Wednesday, June 11, 2008
In the summer of 2005, at the height of their careers, Coldplay and Weezer released highly anticipated albums. These releases would repel them in polar opposite directions despite the fact that the two bands shared a similar ascension to popularity; beginning with extremely strong debut albums based off of powerful, melodic rock. Weezer arose out of the 90's alternative age, whereas Coldplay came a decade later from the ashes of the Brit-Pop scene. Both broke the molds of their respective genres, rising above them and crossing over into radio territory. In 2005 when they had reached near equal stature in popularity and recognition, Weezer's album, Make Believe, had reflected a stagnation and sounded much more generic. Coldplay's X&Y, on the other hand, illustrated the band's acceptance of their radio-friendly pop as they created songs that were more pleasing to their arena sized audiences.
Coldplay was praised for embracing their pop-dom, whereas Weezer was received negativity for it from both their hardcore fanbase and critics alike. The common denominator was the apparent inclination towards crafting songs for their bigger, broader audiences, rather than well developed, eclectic material. This wasn't too big of a deal because they were still creating strong melodies, but not the varied and structurally dense melodies once found in their acclaimed debut albums. So, it goes for bands that become stadium sized. Now, three years later, both bands have released new albums: Weezer with their eponymous Red Album and Coldplay with Viva la Vida. What's immediately apparent is how their polarization has fueled and affected their sounds and directions as pop-rockstars on their new albums.
Weezer's negative connotation, derived from Make Believe, motivated lead singer/songwriter Rivers Cuomo to take careful steps backward and divulge in what made Weezer so popular in the first place; connection to their devoted fans and their "personal" feeling songs. In knowing this, Rivers reconnected himself with the newly budding youth fanbase, (the Millennials/iGeneration) via Youtube. In March of 2008 Rivers created a profile on the site and asked his fellow Youtubers to help him write a song. When the first single from the Red Album appeared ("Pork and Beans") the video featured many of YouTube's celebrities and internet memes. Although it was admirably wise to try to personally connect with his audience, The Red Album is quite obviously stating that Rivers is only looking to continue his stream of youth-consciousness and, like a Youtube video, appeal to a juvenile, fickle audience leaving little room for growth. The songs on the album are again very well produced, some abnormally breaking the 5 minute mark, but are still mediocre at best, sounding like recycled Weezer.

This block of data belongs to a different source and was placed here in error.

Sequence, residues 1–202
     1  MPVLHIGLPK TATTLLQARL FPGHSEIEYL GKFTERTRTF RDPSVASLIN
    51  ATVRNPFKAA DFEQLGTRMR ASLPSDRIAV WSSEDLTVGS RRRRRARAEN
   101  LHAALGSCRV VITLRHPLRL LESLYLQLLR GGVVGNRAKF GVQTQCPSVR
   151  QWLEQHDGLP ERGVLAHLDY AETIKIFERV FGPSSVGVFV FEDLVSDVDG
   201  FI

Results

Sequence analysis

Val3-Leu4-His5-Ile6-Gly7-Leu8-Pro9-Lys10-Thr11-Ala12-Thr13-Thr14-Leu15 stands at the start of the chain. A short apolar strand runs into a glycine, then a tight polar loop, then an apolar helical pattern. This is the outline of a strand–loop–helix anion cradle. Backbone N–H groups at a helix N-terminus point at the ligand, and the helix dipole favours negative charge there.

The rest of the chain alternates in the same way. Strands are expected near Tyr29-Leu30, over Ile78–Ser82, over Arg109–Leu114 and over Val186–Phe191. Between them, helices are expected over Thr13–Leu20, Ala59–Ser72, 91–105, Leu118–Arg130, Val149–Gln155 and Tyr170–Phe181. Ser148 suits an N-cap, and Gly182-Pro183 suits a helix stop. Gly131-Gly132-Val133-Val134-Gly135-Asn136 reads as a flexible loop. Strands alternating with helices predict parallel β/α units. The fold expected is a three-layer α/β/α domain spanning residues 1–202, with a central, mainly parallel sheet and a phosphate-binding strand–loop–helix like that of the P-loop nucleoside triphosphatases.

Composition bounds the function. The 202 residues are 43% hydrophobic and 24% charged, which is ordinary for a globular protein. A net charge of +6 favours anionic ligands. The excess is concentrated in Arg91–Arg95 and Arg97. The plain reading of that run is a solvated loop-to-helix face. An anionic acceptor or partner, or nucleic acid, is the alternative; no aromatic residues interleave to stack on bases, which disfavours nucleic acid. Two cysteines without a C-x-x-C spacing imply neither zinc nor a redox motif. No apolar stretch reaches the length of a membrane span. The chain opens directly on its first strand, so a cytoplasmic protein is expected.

Coldplay has taken their pop formality to the other extreme, embracing it diligently yet excessively. Chris Martin and Co. learned from their generically crafted song mistakes and with each new album attempt to improve on them. For the new album Viva la Vida, they choose the nineteenth-century painting Liberty Leading the People as the album sleeve, as if announcing the album to be as epic and grandiose as the painting's scenery. They hired auteur producer Brian Eno to give the album an abstract and atmospheric quality and even push some songs near progressive rock territory (the song "Yes" is 7:06). The expansion of material is definitely a step in the right direction, presenting only one problem; the lengthy material is not as melodic as their pop rock work of past albums. Although still strong and pleasurable to listen to, besides singles "Viva la Vida" and "Violet Hill", there isn't much other stand out material on the album. There is no way Coldplay will ever go back to being the band that created the softly acoustic Parachutes; they are too big for that. But like U2, Coldplay must be weary not to get too into their own sound and image, and this album, unfortunately, deviates slightly into that area (as with "Violet Hill" -- politically charged and unlike Coldplay).
This polarity is interesting. It shows how both bands attempted to find their nitch market by attending to and focusing on what granted their success, but both slightly missed the mark. Weezer once again attempted to attach themselves to a generation's apathetic youth, but because Rivers is obviously from a different generation, this ode sounds way too glossy and manufactured. Coldplay however should use this attachment instead of trying to rise above it. In doing so both must write more personally but Weezer less manufactured and more abstract, and Coldplay more manufactured and less abstract. Either way, these two bands aren't going away anytime soon and have plenty of time to try new methods to their meticulous mayhem.
Coldplay "Viva La Vida" - 3 out of 5 stars
Weezer "Red Album" 2 1/2 out of 5 stars